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Pain Med. 2011 Jan;12(1):79-86. doi: 10.1111/j.1526-4637.2010.01002.x. Epub 2010 Nov 18.

Pain catastrophizing and pain coping among methadone-maintained patients.

Author information

1
Pain Treatment Services, The APT Foundation, Inc.

Abstract

OBJECTIVE:

The aim of this study was to examine the association of pain catastrophizing and pain coping strategies with characteristic pain intensity (an average of worst, least, and typical pain intensity in the past week) and recent pain-related disability (an average of three measures of past week pain interference) in opioid-dependent patients enrolled in a methadone maintenance treatment program (MMTP) who reported recent pain.

DESIGN:

Cross-sectional survey.

PATIENTS:

One hundred and eight MMTP patients who reported recent pain.

MEASURES:

Participants completed measures of demographics, pain status (i.e., "chronic severe pain" [pain lasting at least 6 months with at least moderate pain intensity or significant pain interference in the past week] vs "some pain" [pain in the past week not meeting the threshold of chronic severe pain]), characteristic pain intensity, recent pain-related disability, somatization, depression, catastrophizing, and pain coping strategies.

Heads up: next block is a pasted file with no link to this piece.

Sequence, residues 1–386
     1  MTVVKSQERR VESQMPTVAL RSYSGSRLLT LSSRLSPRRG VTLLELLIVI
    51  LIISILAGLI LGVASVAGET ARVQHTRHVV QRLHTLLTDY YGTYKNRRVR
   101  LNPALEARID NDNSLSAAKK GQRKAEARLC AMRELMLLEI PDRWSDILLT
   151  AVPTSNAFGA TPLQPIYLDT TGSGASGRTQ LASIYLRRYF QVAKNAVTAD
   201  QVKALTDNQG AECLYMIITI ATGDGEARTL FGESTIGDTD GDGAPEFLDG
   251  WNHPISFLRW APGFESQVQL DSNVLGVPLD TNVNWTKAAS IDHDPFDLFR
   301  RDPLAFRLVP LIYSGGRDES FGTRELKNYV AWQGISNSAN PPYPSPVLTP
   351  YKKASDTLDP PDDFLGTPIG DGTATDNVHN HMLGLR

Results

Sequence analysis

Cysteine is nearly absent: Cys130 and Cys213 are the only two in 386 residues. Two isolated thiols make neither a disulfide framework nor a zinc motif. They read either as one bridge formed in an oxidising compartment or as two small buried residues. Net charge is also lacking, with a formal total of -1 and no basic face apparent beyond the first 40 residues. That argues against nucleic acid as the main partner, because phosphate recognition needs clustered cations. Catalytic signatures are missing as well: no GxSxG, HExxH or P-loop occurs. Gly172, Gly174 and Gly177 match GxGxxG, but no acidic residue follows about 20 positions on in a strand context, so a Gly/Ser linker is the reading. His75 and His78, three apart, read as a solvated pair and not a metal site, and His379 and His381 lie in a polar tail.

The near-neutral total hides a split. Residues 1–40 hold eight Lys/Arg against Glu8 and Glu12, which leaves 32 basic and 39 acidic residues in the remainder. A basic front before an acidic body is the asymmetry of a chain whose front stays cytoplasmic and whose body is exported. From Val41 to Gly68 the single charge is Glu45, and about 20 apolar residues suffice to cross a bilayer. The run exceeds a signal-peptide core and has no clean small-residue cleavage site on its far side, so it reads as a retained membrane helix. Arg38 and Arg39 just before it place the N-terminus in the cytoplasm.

RESULTS:

  Catastrophizing explained a significant proportion of the variance in characteristic pain intensity (14%) and recent pain-related disability (11%) after controlling for demographics, pain status, somatization, and depression. Mirroring the findings of studies of non-opioid-dependent chronic pain patients, greater catastrophizing was associated with greater pain intensity and increases in recent pain-related disability. On average, the "chronic severe pain" group reported higher levels of catastrophizing than the "some pain" group.

CONCLUSION:

Consistent with studies of patients with chronic pain who are not opioid dependent, our findings emphasize the importance of assessing and addressing catastrophizing in MMTP patients with pain.

PMID:
21087402
PMCID:
PMC3059771
DOI:
10.1111/j.1526-4637.2010.01002.x
[Indexed for MEDLINE]
Free PMC Article

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